The truly great need no synthesis. They absorb whatever experience offers them. Their intensely creative personalities act like a fiery furnace, melting away contradictions. What emerges is either a harmonious whole or a creative parallelism with parts that mutually fructify and supplement each other. The truly great do not need to trim edges, as it were, to make genuine experiences fit with each other. They preserve them intact. And if their experiences appear contradictory, they build an emotional bridge spanning them allowing both the landscape and the water to be seen. Lesser mortals resort to logical means of harmonization.[4]

The most challenging question in all of life is what do you do, and what do you believe when you are not sure. It is this question that moves the scientist, the philosopher, and most of all the religious personality. We must destroy the security of all conventional knowledge and undo the normalcy of all that is ordinary. To be religious is to realize that no final conclusions have ever been reached, nor will ever be reached.

To Live Halacha is to Live in Theological Suspense

It is here that Halacha—the commitment to Jewish Law—becomes crucial. Halacha is not lived out of certainty. Nor should it be lived out of certainty.

Halacha is the upshot of un-finalized beliefs, a practical way of living while remaining in theological suspense. This prevents Judaism from turning into a religion that either becomes paralyzed in awe of a rigid tradition, or evaporates into a utopian reverie. This dynamic can only come about when Jewish beliefs remain fluid, which Halacha then turns into solidity. The purpose of Halacha is to chill the heated steel of exalted beliefs and turn them into pragmatic deeds, all without allowing the inner heat to be cooled off entirely.

Jewish beliefs are like arrows shot into the air from a slack bowstring; they waver, darting hither and thither. Halacha, on the other hand, must be straight and unswerving, but still adaptable.

Indeed, we should be careful not to make faith into an intellectual issue. It is much more than that. If we look down on those who continue to have unshakable faith while intellectually in doubt, or consider them primitive, we have overlooked an important dimension of real faith.

Besides the fact that such an attitude reflects arrogance, it also misses an important point: Faith is always more than just thinking about faith. In fact, those who have lost their faith, and yet still hold on to it, honestly attempting by way of discussion and study to give their lost faith a new shape, should be deeply respected. Why? Because they realize that faith is the result of something which moves beyond the intellect.

When we place reflecting on faith higher than the direct experience of faith, we are involved in a purely intellectual endeavor. The search for faith can only be genuine when it is personal, deep, and emotional, and the intellect plays only a small part. The accompanying qualities must be humility, the notion of inadequacy, and a strong urge to find authentic faith. Genuine belief is a way of living, not an academic undertaking. It is an experience in which the whole of the human being is engaged.

Doubt appeals only to the intellect. The intellectual approach to faith is always a barer form of existence than faith itself. The reason is obvious. Thinking involves only our critical assessment, while the other human faculties remain idle. Trust, hope, love, and the notion that one is part of something bigger no longer play a role. Instead, life becomes nothing more than what it essentially is: Nature. When doubt and skepticism are no longer the most important faculties through which we seek religious faith, only then is it possible to actually find it. Skepticism, though it has its place, should not be at the center of one’s search.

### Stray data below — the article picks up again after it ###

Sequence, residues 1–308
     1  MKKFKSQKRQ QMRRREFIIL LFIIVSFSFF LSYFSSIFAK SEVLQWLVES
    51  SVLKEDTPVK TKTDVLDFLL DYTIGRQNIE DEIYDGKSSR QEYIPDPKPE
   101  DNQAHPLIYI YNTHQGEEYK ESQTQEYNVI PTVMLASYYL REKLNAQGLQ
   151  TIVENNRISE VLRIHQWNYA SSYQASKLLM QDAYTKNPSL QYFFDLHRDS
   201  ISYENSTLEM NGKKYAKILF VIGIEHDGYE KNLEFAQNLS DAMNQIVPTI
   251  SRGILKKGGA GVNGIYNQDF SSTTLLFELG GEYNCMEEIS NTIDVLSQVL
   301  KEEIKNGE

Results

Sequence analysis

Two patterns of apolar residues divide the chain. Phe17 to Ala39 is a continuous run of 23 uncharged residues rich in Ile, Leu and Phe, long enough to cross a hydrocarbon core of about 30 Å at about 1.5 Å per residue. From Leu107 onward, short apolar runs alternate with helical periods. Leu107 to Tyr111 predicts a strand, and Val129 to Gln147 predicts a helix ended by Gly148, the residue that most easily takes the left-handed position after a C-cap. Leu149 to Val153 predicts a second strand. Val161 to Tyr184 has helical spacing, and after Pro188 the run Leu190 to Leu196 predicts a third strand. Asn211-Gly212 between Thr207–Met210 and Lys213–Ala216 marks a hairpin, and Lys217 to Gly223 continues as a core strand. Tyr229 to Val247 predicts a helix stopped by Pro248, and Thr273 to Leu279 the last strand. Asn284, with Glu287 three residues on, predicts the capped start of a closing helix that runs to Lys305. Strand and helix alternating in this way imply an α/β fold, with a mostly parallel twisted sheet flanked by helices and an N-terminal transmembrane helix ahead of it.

In today’s climate there is a certain gratification in going to the extremes of genius and brilliance until one nearly loses that which one seeks to discover. But intellectual thought and scientific discovery can never cover the sum total of the inner life. When one prays, one is involved in something that the intellect can never reach. When one studies Torah and hears its Divine voice, one discovers something that academic study can never achieve. It is in a separate category, which is closed to the purely scientific mind.

It is crucial that we see these facts for what they are. Only when we realize that intellectual certainty is not the primary path toward religious truth, will we be able to deal with our new awareness that the transitional phase we now experience has great purpose. This phase must be part of our religious struggle and identity. This awareness won’t be easy. Novelty, as always, carries with it a sense of violation, a kind of sacrilege. Most people are more at home with that which is common than with that which is different. But this sense of sacrilege must be overcome.

Only when we let go of the certainty that what is ordinary is “normal” will we open ourselves to authentic being.


[1] See A J Heschel, I asked for Wonder, Ed. Samuel S. Dresner, Crossroad NY, page 3.

[2] Samuel Butler and Francis Hackett, The Notebooks of Samuel Butler (Nabu Press, 2010) p. 27.

[3] Eric Hoffer, The True Believer (Harper Perennial Modern Classics, 2010) p. 81.

[4] Rabbi Professor David Weiss Halivni, “Professor Saul Lieberman z.l.,” Conservative Judaism, vol. 38, (Spring 1986) pp. 6-7.

About the Author
Rabbi Dr. Nathan Lopes Cardozo is the Founder and Dean of the David Cardozo Academy and the Bet Midrash of Avraham Avinu in Jerusalem. A sought-after lecturer on the international stage for both Jewish and non-Jewish audiences, Rabbi Cardozo is the author of 13 books and numerous articles in both English and Hebrew. Rabbi Cardozo heads a Think Tank focused on finding new Halachic and philosophical approaches to dealing with the crisis of religion and identity amongst Jews and the Jewish State of Israel. Hailing from the Netherlands, Rabbi Cardozo is known for his original and often fearlessly controversial insights into Judaism. His ideas are widely debated on an international level on social media, blogs, books and other forums.